Alderman McGivern has been consistent in his support of special interests, especially relative to real estate development. Unfortunately, his opponent did not run a very effective campaign, evidenced by the high margin by which McGivern won his race. (It will make for an interesting research project to examine the 6th Ward voting profile, one in which I am keenly interested.) Quite frankly, even I would prefer the likes of McGivern to candidates who don’t make every effort to communicate their understanding of the issues. But make no mistake, Alderman McGivern is a special interest advocate and should be monitored closely in the next two years. Rumors abound about his political aspirations beyond the council, so his continued advocacy may know no bounds. With development at critical mass along 53rd Street, and the series of problems and safety hazards that have been created as a result, we need to take a stand on development in this sector of Davenport. Alderman McGivern’s stated philosophy is that there is no stupid growth, so he cannot be counted on as a steward of the land in his ward. It is more important than ever to begin cultivating other possible candidates for the 6th Ward. This holds equally true for the 1st Ward, especially because Moritz’s voting record very closely mirrors that of McGivern. They, along with Aldermen Sherwood and Brown, comprised the voting clique of four. Now that Sherwood and Brown will be absent from the council, it should prove interesting to see who, if anybody, will replace them in the voting clique. The voting patterns are easily discernible, so it should not be difficult to identify. The Reader will do its best to post the voting records of each of the aldermen so that the public can hold each elected official accountable. The council meetings are televised in all the Quad Cities except Moline, so call the cities for broadcast schedules, or visit their respective Web sites. Residents of Moline should lobby for televising its meetings, as well.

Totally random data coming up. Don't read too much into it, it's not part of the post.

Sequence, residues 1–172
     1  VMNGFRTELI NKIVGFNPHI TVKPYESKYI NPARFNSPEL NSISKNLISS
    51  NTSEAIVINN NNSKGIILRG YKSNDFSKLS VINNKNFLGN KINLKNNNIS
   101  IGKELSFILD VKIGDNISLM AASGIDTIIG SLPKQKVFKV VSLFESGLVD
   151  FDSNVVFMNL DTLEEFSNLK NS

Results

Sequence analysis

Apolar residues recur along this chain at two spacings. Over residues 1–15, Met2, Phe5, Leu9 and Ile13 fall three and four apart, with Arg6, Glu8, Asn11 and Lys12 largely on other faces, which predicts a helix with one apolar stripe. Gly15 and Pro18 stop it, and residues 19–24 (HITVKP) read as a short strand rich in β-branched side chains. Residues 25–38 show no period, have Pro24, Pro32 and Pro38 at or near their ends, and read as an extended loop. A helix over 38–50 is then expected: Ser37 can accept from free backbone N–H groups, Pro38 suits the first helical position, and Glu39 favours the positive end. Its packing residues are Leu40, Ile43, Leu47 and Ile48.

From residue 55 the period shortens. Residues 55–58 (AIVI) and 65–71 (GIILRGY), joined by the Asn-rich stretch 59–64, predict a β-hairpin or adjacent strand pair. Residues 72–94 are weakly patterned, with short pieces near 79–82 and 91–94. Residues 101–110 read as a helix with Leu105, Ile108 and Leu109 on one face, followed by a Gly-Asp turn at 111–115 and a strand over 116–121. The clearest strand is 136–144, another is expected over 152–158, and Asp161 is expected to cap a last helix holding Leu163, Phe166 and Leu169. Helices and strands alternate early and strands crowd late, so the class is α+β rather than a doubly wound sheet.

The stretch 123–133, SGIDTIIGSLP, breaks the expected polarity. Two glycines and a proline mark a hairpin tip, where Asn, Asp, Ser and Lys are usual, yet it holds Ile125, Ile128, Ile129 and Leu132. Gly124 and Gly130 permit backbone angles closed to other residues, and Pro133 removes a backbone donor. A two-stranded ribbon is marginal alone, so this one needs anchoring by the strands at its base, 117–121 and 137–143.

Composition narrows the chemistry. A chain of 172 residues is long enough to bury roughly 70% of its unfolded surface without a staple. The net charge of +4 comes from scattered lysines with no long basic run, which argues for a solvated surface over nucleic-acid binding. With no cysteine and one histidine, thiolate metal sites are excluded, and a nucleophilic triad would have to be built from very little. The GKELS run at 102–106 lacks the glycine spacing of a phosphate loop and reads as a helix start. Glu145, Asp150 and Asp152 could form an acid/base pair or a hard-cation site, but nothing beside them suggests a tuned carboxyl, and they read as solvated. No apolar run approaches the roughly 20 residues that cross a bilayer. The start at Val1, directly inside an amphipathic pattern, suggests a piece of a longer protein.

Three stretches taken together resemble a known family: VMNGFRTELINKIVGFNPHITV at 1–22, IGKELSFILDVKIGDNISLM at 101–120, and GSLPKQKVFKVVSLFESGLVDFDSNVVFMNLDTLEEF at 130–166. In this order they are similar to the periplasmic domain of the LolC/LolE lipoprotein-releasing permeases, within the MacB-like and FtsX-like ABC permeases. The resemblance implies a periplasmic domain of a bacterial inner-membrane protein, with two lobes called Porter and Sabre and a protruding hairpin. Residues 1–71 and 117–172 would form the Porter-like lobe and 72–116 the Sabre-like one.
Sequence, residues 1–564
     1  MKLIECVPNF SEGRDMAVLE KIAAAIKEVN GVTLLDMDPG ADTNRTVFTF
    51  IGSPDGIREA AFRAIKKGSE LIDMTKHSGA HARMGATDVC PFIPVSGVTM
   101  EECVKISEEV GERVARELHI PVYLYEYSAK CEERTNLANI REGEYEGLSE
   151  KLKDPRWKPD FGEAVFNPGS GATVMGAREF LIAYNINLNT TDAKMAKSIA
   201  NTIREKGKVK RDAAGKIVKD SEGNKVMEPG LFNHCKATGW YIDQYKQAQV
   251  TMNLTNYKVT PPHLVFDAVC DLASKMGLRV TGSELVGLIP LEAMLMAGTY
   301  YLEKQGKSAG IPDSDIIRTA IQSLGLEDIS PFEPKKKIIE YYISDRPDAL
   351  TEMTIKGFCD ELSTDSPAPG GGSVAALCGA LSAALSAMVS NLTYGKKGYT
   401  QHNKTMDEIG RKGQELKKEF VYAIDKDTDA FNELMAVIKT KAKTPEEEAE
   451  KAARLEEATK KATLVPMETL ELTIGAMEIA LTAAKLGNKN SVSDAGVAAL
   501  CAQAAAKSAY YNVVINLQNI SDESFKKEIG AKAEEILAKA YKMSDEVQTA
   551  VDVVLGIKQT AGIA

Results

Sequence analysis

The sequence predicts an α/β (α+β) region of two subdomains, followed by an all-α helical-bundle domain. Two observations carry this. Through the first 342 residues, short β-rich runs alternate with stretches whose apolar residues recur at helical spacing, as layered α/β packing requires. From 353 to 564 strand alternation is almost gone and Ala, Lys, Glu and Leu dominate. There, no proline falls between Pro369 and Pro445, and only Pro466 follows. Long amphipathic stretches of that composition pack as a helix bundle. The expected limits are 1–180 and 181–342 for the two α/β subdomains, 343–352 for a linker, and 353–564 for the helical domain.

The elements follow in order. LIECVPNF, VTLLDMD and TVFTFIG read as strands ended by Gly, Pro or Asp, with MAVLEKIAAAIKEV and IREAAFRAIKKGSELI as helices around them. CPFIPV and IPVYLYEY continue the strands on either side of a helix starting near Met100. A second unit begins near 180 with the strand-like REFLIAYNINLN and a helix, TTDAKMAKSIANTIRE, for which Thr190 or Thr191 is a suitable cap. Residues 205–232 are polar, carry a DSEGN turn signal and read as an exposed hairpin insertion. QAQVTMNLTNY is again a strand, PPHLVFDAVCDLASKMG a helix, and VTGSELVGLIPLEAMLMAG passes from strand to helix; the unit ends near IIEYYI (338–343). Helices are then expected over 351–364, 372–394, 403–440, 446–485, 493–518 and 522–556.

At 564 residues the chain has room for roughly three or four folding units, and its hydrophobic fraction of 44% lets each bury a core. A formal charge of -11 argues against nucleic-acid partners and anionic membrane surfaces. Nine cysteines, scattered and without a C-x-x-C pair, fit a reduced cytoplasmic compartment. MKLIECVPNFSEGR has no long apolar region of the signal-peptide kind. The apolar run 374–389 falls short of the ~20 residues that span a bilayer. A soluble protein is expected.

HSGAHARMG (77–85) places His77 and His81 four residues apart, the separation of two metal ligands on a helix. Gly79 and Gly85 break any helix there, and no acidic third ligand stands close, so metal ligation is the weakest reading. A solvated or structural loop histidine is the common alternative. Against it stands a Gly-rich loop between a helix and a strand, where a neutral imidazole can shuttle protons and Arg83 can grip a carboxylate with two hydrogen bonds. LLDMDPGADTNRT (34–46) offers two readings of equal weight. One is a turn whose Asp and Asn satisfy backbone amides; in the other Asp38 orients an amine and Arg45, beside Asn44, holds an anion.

The larger issues to scrutinize are as follows: the public process and progress of the River Renaissance project in Davenport’s downtown, including the new Figge Arts Center, the public skywalk, the parking ramps, the ag-tech venture capital building, but most especially the River Music History Center; the development of city-owned land at 53rd and Eastern Avenue; the progress of the Industrial Park north of town; the ongoing plethora of development proposals before Planning and Zoning, especially as they relate to traffic and safety issues along 53rd Street, not to mention sustainable growth principles and urban sprawl, and the use of TIF and other development incentives; the encouragement of development of the west side of Davenport; the establishment of an updated, functional Comprehensive Land Use Plan as promised that addresses the entire city, not just the 6th Ward; the continued support of a Living Wage in Davenport for businesses that utilize public assistance; flood protection that truly protects without sacrificing the river as one of our primary amenities; stormwater management in lieu of the EPA mandate; much needed sewer repair in the older sections of the city; street repair; the necessity of constructing 67th Street and who it will benefit most; the city’s purchase of the old Wal-Mart store once it is vacated per Alderman McGivern’s proposal; John O’Donnell Stadium and the future of baseball in Davenport; urban housing projects that appeal to a younger and/or hipper homeowner; and contract sales of homes, to name a few of the more pressing issues in Davenport.